Goldman Sachs is on its way to taking the top spot among advisers on Japanese takeovers for the first time in five years, supplanting Nomura, according to Bloomberg.
Japanese companies hired Goldman to oversee $54.1 billion of acquisitions so far this year compared with Nomura's $47.2 billion, followed by Deutsche Bank with $47 billion. In 2010, Nomura lead the pack with $47.6 billion in deals, followed by J.P. Morgan with $27 billion, while Goldman trailed at No. 7 with about $10 billion. Local investment banks were lower in the rankings even as the number of transactions jumped.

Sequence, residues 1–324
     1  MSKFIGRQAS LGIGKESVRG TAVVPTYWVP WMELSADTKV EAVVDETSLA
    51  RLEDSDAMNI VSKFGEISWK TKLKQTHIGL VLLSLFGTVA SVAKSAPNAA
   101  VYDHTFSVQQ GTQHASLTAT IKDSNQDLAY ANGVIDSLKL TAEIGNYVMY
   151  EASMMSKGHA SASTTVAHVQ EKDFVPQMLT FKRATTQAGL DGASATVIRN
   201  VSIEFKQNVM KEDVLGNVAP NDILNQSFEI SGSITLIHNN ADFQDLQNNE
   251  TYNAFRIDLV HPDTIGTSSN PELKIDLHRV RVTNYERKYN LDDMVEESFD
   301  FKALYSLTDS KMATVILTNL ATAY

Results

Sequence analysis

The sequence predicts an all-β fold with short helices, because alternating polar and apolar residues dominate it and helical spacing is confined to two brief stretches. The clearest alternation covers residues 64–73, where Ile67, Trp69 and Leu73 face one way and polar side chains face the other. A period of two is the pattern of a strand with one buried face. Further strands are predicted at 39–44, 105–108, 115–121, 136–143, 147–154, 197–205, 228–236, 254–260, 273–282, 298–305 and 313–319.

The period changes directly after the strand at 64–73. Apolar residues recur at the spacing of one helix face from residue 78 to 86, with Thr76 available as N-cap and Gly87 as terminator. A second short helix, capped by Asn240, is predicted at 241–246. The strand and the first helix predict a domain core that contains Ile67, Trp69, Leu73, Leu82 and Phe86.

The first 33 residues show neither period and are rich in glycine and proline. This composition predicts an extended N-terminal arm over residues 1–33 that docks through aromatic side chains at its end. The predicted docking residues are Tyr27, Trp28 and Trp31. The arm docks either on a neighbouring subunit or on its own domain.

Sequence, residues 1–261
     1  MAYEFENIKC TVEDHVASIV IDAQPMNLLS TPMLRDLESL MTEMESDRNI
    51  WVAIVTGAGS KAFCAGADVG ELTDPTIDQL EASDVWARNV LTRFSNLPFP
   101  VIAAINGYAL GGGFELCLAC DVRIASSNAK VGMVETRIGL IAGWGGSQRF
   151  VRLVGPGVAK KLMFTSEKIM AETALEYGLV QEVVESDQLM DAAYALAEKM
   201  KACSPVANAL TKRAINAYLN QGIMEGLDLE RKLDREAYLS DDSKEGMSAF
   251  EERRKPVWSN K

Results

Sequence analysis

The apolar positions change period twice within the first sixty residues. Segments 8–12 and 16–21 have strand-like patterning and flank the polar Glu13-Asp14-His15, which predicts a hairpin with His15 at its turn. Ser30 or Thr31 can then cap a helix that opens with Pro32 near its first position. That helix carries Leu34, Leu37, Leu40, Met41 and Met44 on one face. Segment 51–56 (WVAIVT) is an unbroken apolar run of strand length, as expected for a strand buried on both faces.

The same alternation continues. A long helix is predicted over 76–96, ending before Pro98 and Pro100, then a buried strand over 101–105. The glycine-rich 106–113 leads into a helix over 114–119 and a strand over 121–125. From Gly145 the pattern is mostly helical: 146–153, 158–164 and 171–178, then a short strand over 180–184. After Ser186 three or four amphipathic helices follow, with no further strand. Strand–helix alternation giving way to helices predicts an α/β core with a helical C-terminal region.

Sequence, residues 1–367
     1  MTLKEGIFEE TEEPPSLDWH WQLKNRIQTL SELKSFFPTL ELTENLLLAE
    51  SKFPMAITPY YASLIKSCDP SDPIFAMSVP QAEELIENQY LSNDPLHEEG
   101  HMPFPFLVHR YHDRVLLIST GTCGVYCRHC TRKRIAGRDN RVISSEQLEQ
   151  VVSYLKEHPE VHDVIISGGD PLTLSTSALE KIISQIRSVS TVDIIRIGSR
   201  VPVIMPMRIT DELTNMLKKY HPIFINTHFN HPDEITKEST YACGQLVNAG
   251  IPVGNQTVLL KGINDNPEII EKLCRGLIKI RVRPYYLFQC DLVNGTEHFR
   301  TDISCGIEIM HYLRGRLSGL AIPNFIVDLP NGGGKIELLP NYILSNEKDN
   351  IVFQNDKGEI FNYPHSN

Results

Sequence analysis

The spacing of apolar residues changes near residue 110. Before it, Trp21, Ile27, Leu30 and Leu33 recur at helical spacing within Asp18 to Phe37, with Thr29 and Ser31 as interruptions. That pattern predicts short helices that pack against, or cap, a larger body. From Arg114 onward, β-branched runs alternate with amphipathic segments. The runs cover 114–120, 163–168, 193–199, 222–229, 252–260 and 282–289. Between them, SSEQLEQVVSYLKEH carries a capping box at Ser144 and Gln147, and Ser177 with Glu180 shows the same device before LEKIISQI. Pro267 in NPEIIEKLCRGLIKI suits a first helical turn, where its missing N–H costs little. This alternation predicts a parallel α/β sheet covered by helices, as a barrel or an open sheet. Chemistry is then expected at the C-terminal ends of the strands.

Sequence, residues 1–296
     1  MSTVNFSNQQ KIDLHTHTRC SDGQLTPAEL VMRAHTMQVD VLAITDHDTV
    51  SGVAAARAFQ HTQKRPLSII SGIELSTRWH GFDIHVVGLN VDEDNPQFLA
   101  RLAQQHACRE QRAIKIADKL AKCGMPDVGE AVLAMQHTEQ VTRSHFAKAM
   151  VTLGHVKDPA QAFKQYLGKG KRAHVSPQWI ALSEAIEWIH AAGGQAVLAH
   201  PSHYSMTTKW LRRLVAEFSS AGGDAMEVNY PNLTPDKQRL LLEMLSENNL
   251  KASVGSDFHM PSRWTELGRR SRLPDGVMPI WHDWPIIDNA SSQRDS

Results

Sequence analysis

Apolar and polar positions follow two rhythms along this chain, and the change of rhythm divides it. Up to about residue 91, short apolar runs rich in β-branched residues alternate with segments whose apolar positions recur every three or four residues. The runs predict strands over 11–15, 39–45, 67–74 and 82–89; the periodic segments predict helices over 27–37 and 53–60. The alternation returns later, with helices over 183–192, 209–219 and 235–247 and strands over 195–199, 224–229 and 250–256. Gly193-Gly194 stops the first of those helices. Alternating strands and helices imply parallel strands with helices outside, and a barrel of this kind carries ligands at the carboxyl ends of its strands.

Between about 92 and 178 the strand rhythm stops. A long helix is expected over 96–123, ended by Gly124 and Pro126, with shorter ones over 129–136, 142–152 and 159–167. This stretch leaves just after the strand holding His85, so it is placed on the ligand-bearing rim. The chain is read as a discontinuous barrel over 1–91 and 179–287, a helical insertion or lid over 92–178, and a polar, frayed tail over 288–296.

Goldman has an edge in Japan with local clients because more than 90 percent of its 1,000 staff in that country is Japanese. About 100 employees work on M&A.
The article quotes Koji Hirai, CEO of M&A advisory firm Kachitas: "Foreign banks are increasingly advising on domestic deals because Japanese corporates are merging to compete overseas, and they need their global expertise. Goldman's brand has value because of its history and track record."
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